Joel Abdelmoez on one of his field study trips to Egypt. Photo by Ahmed Abdelmoez

Blessed hands and silenced voices


After the Tahrir Square protest in 2011, there has been considerable research into Egyptian protest songs. Interest in nationalistic watani music is however surprisingly meagre, according to Joel Abdelmoez, scholarship holder at the Nordic Africa Institute, who is currently researching Egyptian popular music.

“There seems to be a desire among many researchers to discover signs of democratisation. Exaggerating the importance of the protest song, while at same time downplaying watani music, fits well with this narrative, which consciously or unconsciously draws parallels with the emergence of European democracies. But we can’t understand political development in today’s Egypt by applying a European democratisation template,” Abdelmoez says.

He argues, moreover, that the rapid pace of subsequent events has made research material from the time of the Tahrir Square protest in 2011 obsolete.

“The political winds have changed fast in Egypt. I was there for six months of field studies in connection with the dismissal of Mursi in the summer of 2013 and then again when the New Suez Canal was inaugurated in summer 2015. The waves of nationalistic homage to the military that swept over popular culture as a result of these two events should not be underestimated. A woman I spoke to told me she was crying when she saw the canal inauguration on TV, even though she was well aware that the whole ceremony was directed down to every last detail by Ministry of Interior propagandists. I’ve had similar testimonies from many informants during my field studies,” Abdelmoez says.

But the most powerful reason, he asserts, for the dismissive treatment of watani music by many researchers is their view of it as too propagandistic to warrant deeper analysis. “Of course it has a political agenda and a clear sender, often ill-concealed. But that goes for protest songs as well. Furthermore, this music is not as one-dimensional as many seem to believe. When we talk about watani, most people have an image of military choirs performing grandiose anthems to the nation and the army, but watani is a collective term for vastly different genres.”

Watani comes from al-watan, the Arab term for the fatherland. A branch of watani music has its roots in obreet, the traditional operetta form with military choirs or other ensembles, which became popular in the Nasserite 1960s. Another branch is related to shaabi, a vernacular genre that gained in popularity among the working class in the following decade, after Nasser’s death. Mostafa Kamel’s 2013 megahit Teslam El Ayadi (Bless these hands), is an example of how these two branches have melded. It is performed by an ensemble comprising both obreet and shaabi singers. In the summer of the same year, Ya-Obama, a pop song critical of the US by actress and belly dancer Sama El-Masry, went viral on the internet. This a case of the rejuvenation of watani music through influences drawn from more modern music styles.

“Mostafa Kamel and Sama El-Masry are in many ways opposites. He’s the chair of the musicians’ union and his music must be regarded as being directly commissioned by the Ministry of Interior. She’s a TV star with a scandalous reputation. Using a lot of humour and sex appeal in her videos, she kicks out in many different directions – against Mursi, against Obama, against the Muslim Brotherhood and fundamentalist Islam. El-Masry is anything but orchestrated by the military regime. Yet both their music styles fit within the watani concept.”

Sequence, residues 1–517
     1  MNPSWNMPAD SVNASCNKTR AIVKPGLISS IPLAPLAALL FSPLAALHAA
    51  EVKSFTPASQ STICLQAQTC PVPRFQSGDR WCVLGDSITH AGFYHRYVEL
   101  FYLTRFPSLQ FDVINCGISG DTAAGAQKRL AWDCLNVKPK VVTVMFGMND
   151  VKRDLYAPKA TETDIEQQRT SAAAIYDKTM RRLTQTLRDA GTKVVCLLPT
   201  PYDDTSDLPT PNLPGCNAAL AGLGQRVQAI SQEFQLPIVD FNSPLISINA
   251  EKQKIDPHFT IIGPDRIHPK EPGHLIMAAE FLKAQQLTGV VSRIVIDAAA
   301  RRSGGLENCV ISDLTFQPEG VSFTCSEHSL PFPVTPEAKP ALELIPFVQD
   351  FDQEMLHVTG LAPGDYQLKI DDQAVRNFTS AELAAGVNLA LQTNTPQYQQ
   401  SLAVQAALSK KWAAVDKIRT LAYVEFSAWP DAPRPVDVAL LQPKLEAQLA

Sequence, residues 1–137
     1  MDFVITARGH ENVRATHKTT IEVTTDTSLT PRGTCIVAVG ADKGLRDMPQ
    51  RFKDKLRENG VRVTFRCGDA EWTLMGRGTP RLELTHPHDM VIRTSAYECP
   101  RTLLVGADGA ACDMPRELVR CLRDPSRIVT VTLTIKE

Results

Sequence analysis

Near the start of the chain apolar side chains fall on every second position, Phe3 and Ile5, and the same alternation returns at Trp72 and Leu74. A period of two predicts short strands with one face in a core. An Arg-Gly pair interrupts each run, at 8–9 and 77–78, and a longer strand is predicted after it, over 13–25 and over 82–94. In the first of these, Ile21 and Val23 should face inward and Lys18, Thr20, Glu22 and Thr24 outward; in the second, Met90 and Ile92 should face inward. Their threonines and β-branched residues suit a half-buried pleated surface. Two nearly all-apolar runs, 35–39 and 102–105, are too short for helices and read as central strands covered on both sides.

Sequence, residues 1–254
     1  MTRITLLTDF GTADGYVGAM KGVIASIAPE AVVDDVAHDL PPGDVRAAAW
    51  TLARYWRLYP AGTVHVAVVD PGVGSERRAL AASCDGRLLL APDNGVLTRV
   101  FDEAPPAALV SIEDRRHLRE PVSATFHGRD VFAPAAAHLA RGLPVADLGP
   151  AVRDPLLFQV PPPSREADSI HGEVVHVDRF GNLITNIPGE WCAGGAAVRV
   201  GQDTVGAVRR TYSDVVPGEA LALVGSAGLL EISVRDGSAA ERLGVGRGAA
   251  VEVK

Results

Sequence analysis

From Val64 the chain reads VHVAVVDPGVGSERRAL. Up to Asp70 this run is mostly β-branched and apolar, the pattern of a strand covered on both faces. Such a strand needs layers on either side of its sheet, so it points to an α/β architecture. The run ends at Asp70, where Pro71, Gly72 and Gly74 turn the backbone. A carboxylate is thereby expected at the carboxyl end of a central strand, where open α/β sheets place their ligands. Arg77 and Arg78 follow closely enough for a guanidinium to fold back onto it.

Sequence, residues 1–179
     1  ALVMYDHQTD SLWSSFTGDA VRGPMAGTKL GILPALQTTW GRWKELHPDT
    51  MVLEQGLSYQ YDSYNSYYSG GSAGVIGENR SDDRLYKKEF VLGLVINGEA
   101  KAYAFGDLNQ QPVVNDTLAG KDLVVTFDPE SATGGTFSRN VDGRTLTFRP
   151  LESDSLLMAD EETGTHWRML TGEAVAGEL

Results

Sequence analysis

Watani music is best summed up by its nationalism, idolization of the army, socialism, folksiness, cult of Nasser, anti-imperialism, and to some extent its opposition to Israel. It also takes a clear stand in favour of President el-Sisi, who is often portrayed as a modern Nasser. The prevalence of watani music can also be explained by the fact that many musicians take up the genre for crass career and livelihood motives.

”The climate is tough today in Egypt for musicians who choose the lonely path. El-Sisi’s military regime has clamped down fiercely on all forms of freedom of expression, not least on critical protest singers. The case of Rami Essam speaks for itself. Widely known for his role in the protests against the Mubarak regime, his song Irhal (Resign) became a sort of an official anthem for the whole Tahrir uprising. After the riots he was arrested by the army, tortured and forced into exile. Today he’s living as a refugee in Malmö and has next to no chance of working as a musician in el-Sisi’s Egypt,” Abdelmoez says.

FACTS ABOUT  Joel Abdelmoez

The scholarship holder at the Nordic Africa Institute for spring 2016 is Joel Abdelmoez. He has previously researched freedom of the press in Egypt and masculinity in the Egyptian army, and has recently published on them in Babylon: Nordic Journal of Middle Eastern Studies and Journal of Applied Journalism and Media Studies. He is also one of the initiators behind Menatidningen (Mena Journal) and Menaföreningen (Mena Association), which aim to disseminate knowledge of the Middle East and North Africa in Sweden.

Egyptian singer-songwriter Rami Essam performs his revolutionary hit Irhal (Leave) on New Year’s Eve 2011 at the Tahrir Square in Cairo. Photo: lorenzkh.
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